We began to wonder if the products we used on the tomettes were suitable for limestone. We read the labels carefully and decided that as Sarpasol is an acid, designed to remove the lime bloom from terracotta tiles, it was not appropriate; but there didn't seem to be any reason not to use the hydrofuge / oleofuge protection product. We couldn't find anyone who had used a similar product on a domestic interior, although there seems to be occasional use of water repellant compounds on the exterior of large limestone public buildings.
Sanding clean the limestone fireplace.We asked Monsieur Douady what he thought. He said that if it was his, he would do nothing and let it develop patina, but he obviously knew what type of product we were talking about and agreed that there was no reason we should not use it on the fireplace.
So, one morning I went over any spots and marks on the smoothly cut stone with dry 150 grade wet'n'dry sandpaper, just as I had seen Monsieur Douady after the masons left size 12 bootprints on the hearth stones. The stone is so chalky a light sanding removes all surface spotting, although nothing will safely remove deeply impregnated stains and some marks become permanent because of being 'fired' by the heat of the stove.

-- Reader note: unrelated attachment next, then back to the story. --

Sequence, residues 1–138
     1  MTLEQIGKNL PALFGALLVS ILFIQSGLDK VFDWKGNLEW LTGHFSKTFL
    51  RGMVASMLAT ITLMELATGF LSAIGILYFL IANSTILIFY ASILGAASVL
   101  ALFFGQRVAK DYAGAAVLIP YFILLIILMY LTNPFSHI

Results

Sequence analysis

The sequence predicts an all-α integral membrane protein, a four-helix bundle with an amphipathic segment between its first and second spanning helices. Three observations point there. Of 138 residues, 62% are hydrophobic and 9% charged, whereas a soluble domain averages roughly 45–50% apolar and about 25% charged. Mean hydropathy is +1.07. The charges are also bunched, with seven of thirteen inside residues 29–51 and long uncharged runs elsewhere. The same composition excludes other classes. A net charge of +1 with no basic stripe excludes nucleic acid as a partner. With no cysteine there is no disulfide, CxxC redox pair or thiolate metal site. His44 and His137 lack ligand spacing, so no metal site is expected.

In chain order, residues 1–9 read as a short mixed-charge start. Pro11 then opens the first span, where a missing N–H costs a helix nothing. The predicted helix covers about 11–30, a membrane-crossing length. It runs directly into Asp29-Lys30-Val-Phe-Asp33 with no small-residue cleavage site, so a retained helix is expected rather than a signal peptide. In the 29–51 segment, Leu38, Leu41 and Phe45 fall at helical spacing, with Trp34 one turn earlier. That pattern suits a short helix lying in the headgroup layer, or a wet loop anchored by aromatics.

Then I wiped off the dust with a slightly damp cloth and gave all the smooth surfaces a coat of Protecteur hydrofuge oléofuge made by Chimybat. Four hours later I gave the hearth a second coat, as it is at the most risk of staining. The product is very easy to apply with a paint brush, which washes out with water. It's invisible once dry and doesn't change the colour of the stone.
PS Rather annoyingly, the stove itself has developed a fault, with one section of its door seal coming adrift. Up until Wednesday evening we were utterly delighted with the stove, as it heats our sitting room and the old kitchen (which is currently our office), as well as our bedroom and the shower room upstairs. It takes logs of up to 15cm diameter and 50cm long, and would burn slowly right through the night. Now, with a piece of door seal missing, it burns faster. I guess we will have to take it back to Bricomarché, where we bought it, or get in touch with the manufacturer, Invicta, and get a new door. I certainly hope this will be covered by some sort of guarantee.